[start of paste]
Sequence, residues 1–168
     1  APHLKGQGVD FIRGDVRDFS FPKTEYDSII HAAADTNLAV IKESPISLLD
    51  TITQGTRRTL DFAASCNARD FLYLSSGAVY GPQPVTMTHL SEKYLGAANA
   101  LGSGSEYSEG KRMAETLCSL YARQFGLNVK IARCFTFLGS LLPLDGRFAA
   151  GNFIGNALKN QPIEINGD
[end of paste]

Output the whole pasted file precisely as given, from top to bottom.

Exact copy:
Sequence, residues 1–168
     1  APHLKGQGVD FIRGDVRDFS FPKTEYDSII HAAADTNLAV IKESPISLLD
    51  TITQGTRRTL DFAASCNARD FLYLSSGAVY GPQPVTMTHL SEKYLGAANA
   101  LGSGSEYSEG KRMAETLCSL YARQFGLNVK IARCFTFLGS LLPLDGRFAA
   151  GNFIGNALKN QPIEINGD